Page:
What Shortness of Breath and a Persistent Cough May Mean
Lung Cancer Signs: Page 4
Shortness of breath
About 15 percent of lung cancer cases are in nonsmokers, often as a result of exposure to air pollution, secondhand smoke, or toxins such as asbestos and radon. So although shortness of breath is one of the classic symptoms of lung cancer, it tends to go unnoticed among many people until it's quite pronounced, because it's so easy to attribute to other causes.
How it feels: Like you're developing asthma or have gotten out of shape. It may feel as though it's harder to draw a deep breath, especially when exerting yourself, or you may notice a wheezy feeling in your chest.
What causes it: Lung cancer can develop in the lung sacs themselves or in the bronchial tubes leading to the lungs. Tumor growth interferes with the ability of the lungs to fully inhale and exhale air.
What to do: Ask the doctor to perform breathing tests for asthma and COPD to see if there's another potential cause. If not, ask for a chest X-ray.
Persistent cough or hoarseness
People diagnosed with lung cancer often look back and realize they've been plagued by voice changes or a recurrent cough for months or even years, but they blamed it on allergies or illness. Smokers may blame this symptom on "smoker's cough."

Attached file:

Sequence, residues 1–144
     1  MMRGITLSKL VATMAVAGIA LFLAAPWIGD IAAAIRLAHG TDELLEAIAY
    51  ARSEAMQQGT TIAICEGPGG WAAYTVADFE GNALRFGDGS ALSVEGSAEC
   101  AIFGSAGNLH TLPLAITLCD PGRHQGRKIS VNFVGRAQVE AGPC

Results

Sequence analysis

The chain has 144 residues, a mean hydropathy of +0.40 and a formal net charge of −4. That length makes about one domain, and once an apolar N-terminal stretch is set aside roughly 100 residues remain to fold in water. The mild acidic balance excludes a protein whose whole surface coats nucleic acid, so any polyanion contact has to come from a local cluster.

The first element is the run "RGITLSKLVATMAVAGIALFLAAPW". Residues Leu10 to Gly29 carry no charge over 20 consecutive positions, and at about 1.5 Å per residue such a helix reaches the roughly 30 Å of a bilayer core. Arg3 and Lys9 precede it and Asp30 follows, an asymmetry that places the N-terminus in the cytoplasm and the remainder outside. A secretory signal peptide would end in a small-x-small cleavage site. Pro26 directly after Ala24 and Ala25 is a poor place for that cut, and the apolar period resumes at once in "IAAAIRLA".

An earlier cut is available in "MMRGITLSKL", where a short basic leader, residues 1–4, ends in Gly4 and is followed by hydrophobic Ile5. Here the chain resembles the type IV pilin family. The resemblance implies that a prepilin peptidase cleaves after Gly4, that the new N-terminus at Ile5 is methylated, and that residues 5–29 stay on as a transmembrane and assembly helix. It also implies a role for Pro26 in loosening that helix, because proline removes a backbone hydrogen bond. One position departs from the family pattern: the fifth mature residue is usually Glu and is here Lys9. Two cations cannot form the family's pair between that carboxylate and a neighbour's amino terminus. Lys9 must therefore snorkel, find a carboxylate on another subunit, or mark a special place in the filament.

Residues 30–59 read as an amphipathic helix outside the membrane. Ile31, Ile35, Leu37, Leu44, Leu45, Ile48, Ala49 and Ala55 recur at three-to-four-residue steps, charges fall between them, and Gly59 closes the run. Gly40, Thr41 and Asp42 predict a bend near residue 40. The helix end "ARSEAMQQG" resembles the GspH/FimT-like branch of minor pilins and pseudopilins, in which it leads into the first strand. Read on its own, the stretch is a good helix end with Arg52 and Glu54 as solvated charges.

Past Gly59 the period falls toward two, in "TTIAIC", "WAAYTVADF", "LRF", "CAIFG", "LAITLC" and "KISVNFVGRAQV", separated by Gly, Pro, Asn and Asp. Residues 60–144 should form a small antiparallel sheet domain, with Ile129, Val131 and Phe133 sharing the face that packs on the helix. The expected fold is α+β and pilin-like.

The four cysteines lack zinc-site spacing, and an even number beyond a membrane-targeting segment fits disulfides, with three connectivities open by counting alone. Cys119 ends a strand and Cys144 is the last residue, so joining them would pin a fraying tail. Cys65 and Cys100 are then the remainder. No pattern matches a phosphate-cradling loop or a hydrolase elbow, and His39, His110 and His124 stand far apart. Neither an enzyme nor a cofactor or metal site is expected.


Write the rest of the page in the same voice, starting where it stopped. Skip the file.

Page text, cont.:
How it feels: One tip-off is having to clear your throat frequently; another is increased saliva production. Your voice might sound throaty or hoarse, or people might ask if you have laryngitis. The cough can be dry, like the kind that comes with allergies, or wet, such as with flu or a cold. Phlegm might be tinted orange, brown, or red with blood, or you might even spot blood in your saliva.
What causes it: When there's a blockage in bronchial tubes or lungs from a developing tumor, mucus can build up behind it. A lung tumor can also press upward and outward on the vocal cords and larynx. Tumors often have a rich blood supply, which can leak into the airway, tinting saliva and cough secretions.
What to do: Tell your doctor if you develop a chronic cough or hoarseness that doesn't go away after a few days. And if you cough or spit up blood, report this to your doctor immediately.